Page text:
Two years after dramatic shift in styles, it returns to its well-heeled roots
From Staff and Wire Reports
RICHMOND, Va. -- Benjamin DeWinter believes his business is beginning to bloom again.
The manager of the Saks Fifth Avenue store in Richmond knows firsthand the struggles the chain has dealt with in the past two years, largely with fashion merchandise that skewed too young.
Chasing after those younger customers often alienated Saks' core shopper, who averages 48 years old.
Now Saks wants to reclaim its status among the well-heeled by selling more classic merchandise, including brands such as Ellen Tracy and Hart, Schaffner & Marks.
"We have a lot of customers who are from New York or Florida and have previously shopped in Saks," DeWinter said. "The history they brought was of the old Saks, but they came into a changed Saks."
The merchandise shift, which began in early 2004 under a former management team, didn't sit well with many shoppers.
"There was a cultural change. People are more comfortable of going back to their roots," DeWinter said.
"We do need to attract a younger customer, but you can't walk away from your classic customer base," he said. "We moved too rapidly."
Those changes took place just months after Saks opened its local store at the Stony Point Fashion Park in September 2003.
"That was a challenge for us . . . as we were going through our infancy," said DeWinter, who has managed the local store since it opened.
The recent shift at Saks is reflected in a new fall ad campaign that embraces a broader approach to fashion, highlighting more than 20 different must-haves, from fur-trimmed coats for women to rugged sport boots for men.
Later this year, the chain will bring back its petite merchandise, which had been eliminated two years ago. And Hart, Schaffner & Marks suits are available at six Saks stores, including the one in Richmond.
"We are beginning to see the light at the end of the tunnel. You will see a good fall, and it will continue through next year," said Ron Frasch, vice chairman and chief merchant at Saks Fifth Avenue Enterprises.
The chain also is refocusing on stores other than its Fifth Avenue flagship location. The chain operates 54 Saks Fifth Avenue stores and 50 Off 5th stores.
Its stores outside New York City often were overlooked, analysts say. Saks now is renovating some of those stores, including ones in Boston and Beverly Hills, to feature open cosmetic counters and more appealing fashion displays.
The Richmond store is nearly full with fall merchandise, a stark contrast to its spring selling season when some departments received little or no clothing or accessories.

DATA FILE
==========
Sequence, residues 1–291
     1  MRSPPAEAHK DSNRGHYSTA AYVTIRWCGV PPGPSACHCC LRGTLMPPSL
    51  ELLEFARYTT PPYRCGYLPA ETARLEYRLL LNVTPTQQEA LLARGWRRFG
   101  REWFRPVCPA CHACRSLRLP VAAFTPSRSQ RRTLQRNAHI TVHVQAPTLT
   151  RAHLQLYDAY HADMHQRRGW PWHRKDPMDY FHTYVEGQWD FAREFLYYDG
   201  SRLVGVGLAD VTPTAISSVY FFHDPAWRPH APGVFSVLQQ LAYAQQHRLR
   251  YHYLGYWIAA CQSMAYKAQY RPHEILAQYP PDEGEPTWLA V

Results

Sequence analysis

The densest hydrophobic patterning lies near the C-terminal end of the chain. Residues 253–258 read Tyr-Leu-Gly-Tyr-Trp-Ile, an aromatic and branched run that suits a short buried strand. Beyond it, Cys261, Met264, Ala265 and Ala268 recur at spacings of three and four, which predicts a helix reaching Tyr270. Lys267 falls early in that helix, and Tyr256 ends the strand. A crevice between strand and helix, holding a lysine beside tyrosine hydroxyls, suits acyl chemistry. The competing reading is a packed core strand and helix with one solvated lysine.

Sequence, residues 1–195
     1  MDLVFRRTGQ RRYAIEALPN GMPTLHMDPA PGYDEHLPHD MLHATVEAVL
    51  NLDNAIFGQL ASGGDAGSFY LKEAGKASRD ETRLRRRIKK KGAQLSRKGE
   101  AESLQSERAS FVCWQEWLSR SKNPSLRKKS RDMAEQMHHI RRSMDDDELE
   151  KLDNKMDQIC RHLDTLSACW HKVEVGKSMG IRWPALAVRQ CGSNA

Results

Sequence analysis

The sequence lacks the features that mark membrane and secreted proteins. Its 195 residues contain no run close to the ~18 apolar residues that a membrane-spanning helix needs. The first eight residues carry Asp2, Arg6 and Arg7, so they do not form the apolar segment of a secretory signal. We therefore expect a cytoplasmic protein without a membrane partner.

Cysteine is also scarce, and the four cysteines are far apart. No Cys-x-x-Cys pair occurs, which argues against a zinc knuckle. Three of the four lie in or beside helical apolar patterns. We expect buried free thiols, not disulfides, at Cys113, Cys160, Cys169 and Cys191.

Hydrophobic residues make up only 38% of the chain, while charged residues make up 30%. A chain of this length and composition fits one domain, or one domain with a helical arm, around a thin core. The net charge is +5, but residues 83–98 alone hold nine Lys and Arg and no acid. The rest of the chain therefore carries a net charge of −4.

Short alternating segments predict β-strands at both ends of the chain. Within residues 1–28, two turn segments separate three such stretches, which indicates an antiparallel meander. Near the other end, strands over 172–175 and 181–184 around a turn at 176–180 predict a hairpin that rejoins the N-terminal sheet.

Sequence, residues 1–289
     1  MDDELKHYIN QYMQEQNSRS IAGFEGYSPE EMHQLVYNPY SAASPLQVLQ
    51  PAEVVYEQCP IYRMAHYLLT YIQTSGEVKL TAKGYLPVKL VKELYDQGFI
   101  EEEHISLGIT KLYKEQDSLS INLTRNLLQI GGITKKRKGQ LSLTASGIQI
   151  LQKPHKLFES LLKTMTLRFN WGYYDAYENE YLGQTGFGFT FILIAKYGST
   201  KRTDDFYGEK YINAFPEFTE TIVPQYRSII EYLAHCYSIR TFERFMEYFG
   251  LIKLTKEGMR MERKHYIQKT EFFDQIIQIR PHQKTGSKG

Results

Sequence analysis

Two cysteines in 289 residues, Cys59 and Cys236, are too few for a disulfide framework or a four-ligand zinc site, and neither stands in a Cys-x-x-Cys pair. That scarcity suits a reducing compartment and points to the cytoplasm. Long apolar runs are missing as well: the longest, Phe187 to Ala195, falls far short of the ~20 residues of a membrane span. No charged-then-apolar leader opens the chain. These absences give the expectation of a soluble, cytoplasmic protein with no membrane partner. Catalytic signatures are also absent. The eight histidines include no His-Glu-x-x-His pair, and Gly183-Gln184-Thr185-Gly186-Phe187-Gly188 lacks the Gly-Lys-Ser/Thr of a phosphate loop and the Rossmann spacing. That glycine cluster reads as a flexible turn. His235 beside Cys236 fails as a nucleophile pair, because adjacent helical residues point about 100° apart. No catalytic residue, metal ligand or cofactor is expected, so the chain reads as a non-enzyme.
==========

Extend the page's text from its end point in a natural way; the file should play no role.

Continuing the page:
To win back its most loyal customer, the chain is offering the Saks Fifth Avenue Private Collections, a replacement for Real Clothes, its store label brand that was dropped last year.
While trendy labels remain key, Frasch noted the company is beefing up selections in classic names in both men's and women's suits, as well as stocking up on such basics as bras. Saks is also investing more in couture lines such as Chanel and Fendi.
"We had become too clean," Frasch said. "We want to put more products on the floor so customers can see the depth and breadth of our offering."
Another key element is tailoring its stores to the local market by price and by consumer mindset, such as classic or contemporary.
For example, the Richmond store has merchandise that appeals more to a Southern, sophisticated, classic woman, DeWinter said.
The local store also has made other changes, including expanding its offering of women's contemporary apparel.
That department took over the area that had been devoted to men's contemporary clothing, which now has been combined with men's sportswear. Doing so gives the men's area the appearance that it is packed with merchandise.
Saks executives say a cultural change is sweeping the company, with buyers taking bigger risks on fashion instead of playing it safe and fixating on inventory control.
Still Saks faces heavy competition at the upper end from Neiman Marcus Inc., whose name is synonymous with luxury shopping, and at the lower luxury tier from Nordstrom Inc.
"Saks is facing a competitive situation where both Neiman and Nordstrom are doing extremely well. The issue is how successful will [Saks] be in executing from a merchandising and service standpoint," said Michael Appel, managing director of Quest Turnaround Advisors LLC.
Doug Harrison, president and CEO of Harrison Group, a strategic consulting group, noted that Saks Fifth Avenue is behind Neiman Marcus in personalizing customer service. He cited the success of Neiman Marcus' program called InCircle, which rewards customers with giveaways and special discounts based on how much they spend.
Saks could catch up, but it won't be easy, said Andrew Sacks, president of AgencySacks, an advertising agency focusing on upscale companies. Neiman Marcus is more attuned to fashion, he noted.
Steve Sadove, chief executive officer at parent company Saks Inc., told investors recently that consumers have not gone away.
"They may not be buying as much," he said. "And as we've started to have the right products, they are coming back."